The following afternoon, I received a whatsapp voice message from bossman, the gringo who ran the mechanic’s shop. “Hey buddy, your shocks are here. Bring your car in and we’ll get this done!”
A little late perhaps, but that had gone surprisingly well. Driving my car down to drop it off, I kicked myself. Why hadn’t I just ordered from Panama previously, instead of trying to bring them back from the US? Well, lesson learned, lesson learned.
Once I got there, I took the car directly to the service area and waved to the head mechanic. “Did all of the struts arrive? How do they look?”
“Uh, no, I don’t think so?”
“Bossman said the parts had arrived. Fedex dropped them off.”
I called bossman on whatsapp. “Headmech says the parts aren’t here.”
“Oh that’s right buddy, Fedex wanted us to pay the import tax, so we didn’t accept them.”
Many WTFs. “But you told me 45 minutes ago that the parts were here?”
“No, no, we didn’t sign for them.”
I double checked his prior whatsapp message just to make sure that I hadn’t suffered a temporary stroke. What was going on here, exactly? It should be mentioned that the mechanic at this point in the transaction still owed me around $2500 between services not yet performed, and the cost of the parts that I’d paid for and weren’t installed. The import tax they’d refused? Around $350. Belatedly, I’d started to sour on this mechanic.
In the penal colony
Once I was back home, I checked the tracking page. It showed “misdelivery” and that the parts were on their way back to San Jose. I also had an email in my inbox from the supplier stating that Fedex would hold the package for up to five days until the taxes were paid, before returning them back to Panama if payment was not received. Irksome. Well, how hard could this be? I called Fedex.
Fedex conversation 1:
“Your package was shipped from where? Oh, no, you need to be talking to Fedex International, we don’t handle payments for international packages.”
“Can you transfer me then?”
“Sure. One moment please.”
I sat on hold for literally 45 minutes before the international agent picked up.
Fedex conversation 2:
Strong Indian accent. “Hello sir?”
“Yes, I need to make a payment for a package.”
“You are the shipper?”
“No, I’m the recipient. However, import taxes are due on the shipment, and need to be paid before I can receive it.”
“You are the shipper?”
“No, I made the purchase. The items were shipped from Panama to Costa Rica, and I need to pay import tax before they can be delivered.”
“Oh, we don’t do that here. You need to talk to Fedex Account Services.”
“Can you transfer me then?”
“Sure. One moment please.”
I had a sinking feeling when I heard an IVR announcement that sounded suspiciously like the switchboard of the initial Fedex number that I’d called. Sure enough, an American agent picked up.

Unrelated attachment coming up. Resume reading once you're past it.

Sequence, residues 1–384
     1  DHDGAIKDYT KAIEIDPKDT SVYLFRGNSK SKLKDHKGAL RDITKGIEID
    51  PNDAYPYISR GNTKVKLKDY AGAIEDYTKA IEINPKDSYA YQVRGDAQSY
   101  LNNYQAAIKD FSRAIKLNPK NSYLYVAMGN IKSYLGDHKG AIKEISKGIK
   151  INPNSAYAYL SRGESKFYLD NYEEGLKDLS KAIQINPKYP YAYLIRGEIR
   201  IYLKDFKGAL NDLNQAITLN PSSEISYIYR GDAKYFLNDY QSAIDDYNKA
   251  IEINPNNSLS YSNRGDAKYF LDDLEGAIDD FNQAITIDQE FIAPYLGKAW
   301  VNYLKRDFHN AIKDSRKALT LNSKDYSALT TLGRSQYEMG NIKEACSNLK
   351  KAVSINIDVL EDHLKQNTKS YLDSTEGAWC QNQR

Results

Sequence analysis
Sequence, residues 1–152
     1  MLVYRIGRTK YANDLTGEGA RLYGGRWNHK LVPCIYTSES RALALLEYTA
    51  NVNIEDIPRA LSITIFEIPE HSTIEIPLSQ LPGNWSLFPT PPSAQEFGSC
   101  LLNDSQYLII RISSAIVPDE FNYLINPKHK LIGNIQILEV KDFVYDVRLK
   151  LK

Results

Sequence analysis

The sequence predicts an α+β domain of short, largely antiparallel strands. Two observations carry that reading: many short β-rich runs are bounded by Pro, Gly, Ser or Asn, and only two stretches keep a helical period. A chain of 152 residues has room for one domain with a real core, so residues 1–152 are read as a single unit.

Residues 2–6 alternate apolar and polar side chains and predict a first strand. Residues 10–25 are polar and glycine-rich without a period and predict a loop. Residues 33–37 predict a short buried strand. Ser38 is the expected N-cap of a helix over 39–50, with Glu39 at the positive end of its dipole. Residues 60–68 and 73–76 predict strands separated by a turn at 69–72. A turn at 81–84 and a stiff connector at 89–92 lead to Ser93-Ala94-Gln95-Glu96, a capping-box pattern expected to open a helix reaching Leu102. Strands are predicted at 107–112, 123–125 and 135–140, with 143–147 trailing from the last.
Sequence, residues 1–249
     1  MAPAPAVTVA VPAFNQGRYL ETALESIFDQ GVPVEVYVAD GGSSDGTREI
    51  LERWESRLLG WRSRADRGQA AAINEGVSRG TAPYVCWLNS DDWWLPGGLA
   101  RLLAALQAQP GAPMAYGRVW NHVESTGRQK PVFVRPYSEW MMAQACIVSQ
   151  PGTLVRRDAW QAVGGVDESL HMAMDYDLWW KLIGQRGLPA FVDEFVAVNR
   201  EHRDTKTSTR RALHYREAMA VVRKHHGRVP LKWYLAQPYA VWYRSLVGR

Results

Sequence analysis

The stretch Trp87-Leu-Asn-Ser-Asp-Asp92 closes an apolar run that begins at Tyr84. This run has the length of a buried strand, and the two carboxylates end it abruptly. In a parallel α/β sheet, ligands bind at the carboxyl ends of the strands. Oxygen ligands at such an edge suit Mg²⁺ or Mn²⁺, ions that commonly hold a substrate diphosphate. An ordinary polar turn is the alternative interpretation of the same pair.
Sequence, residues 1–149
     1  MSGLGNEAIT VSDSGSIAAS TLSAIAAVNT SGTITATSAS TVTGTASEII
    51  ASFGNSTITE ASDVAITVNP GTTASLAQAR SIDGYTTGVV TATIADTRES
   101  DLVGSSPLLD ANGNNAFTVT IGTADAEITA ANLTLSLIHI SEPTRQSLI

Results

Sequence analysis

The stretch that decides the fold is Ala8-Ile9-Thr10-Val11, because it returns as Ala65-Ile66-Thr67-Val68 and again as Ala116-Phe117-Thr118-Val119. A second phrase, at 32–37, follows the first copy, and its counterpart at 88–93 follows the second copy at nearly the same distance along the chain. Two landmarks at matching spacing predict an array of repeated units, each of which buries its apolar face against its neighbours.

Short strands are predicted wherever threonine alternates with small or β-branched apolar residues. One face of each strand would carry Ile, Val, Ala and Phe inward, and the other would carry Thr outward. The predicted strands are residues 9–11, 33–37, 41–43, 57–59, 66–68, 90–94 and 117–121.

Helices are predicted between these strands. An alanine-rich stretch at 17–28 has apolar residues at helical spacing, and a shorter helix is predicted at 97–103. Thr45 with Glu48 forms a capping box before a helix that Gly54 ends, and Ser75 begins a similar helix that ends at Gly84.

Fedex conversation 3:
“Oh, no, you need to be talking to Fedex International. We don’t take payments for international packages.”
“Uh, please, before you transfer me? I just spent the best part of an hour being transferred to International, and they couldn’t help me. They say I need to speak to account services.”
The agent took pity on me.
“Do you have a Fedex account?”
“Well, you need one. Let me just take some details, and then you can sign up online.”
“Can I do this while we’re on the call?”
“No, it will take some time. But you can call this number back once you’re done and make payment here.”
“You’re sure? The prior agent I talked to said that they can’t take payment.”
“I’ll set it up and leave notes on the account.”
“OK, thank you.”
After completing the signup, and adding a credit card to my account, I called back.
Fedex conversation 4:
“Ah, no, we’d don’t take payments for international packages.”
“Wait, wait, please check the notes associated with the shipping number. The prior rep who I spoke to said that I’d be able to make payment with this account.”
“OK, let me see.”
“Well, sir, yes - it appears that you’ll be able to make payment online. However, first the Fedex agent at the San Jose office needs to create an invoice and attach it to your Fedex account. That will show up online, and you’ll be able to make payment.”
“But don’t you see the charge that’s due on the shipment already?”
“Yes, the charge is showing there. But you won’t be able to make payment until we contact the local Fedex agent and they create an invoice. Once the invoice is there, it will show up on your account online.”
“OK, that will work. Can you send them a message and ask them to create the invoice?”
“Yes, I will do that.”
The matter of the invoice
The next morning, I excitedly logged into Fedex to see if the invoice had been created. Sadly, it hadn’t. I called back that evening, after work. Four days until the package would be returned. Everything is fine. I referred the agent to the notes associated with the shipment.
Fedex conversation 5:
“We don’t take payments for international packages.”
“I spoke to a colleague of yours yesterday, who was going to contact the local agent in Costa Rica and get an invoice attached to the account.”
“No, we don’t take payments for international packages. You need to speak to Fedex International.”
Zen. Zen. Find it. It’s there somewhere. “But I created an account, and the agent I spoke to yesterday said that I’d be able to make a payment once an invoice was attached to the account.”
“I don’t see an invoice on your account.”
“Yes, but your colleague was going to contact the office in Costa Rica and ask them to attach an invoice to the account.”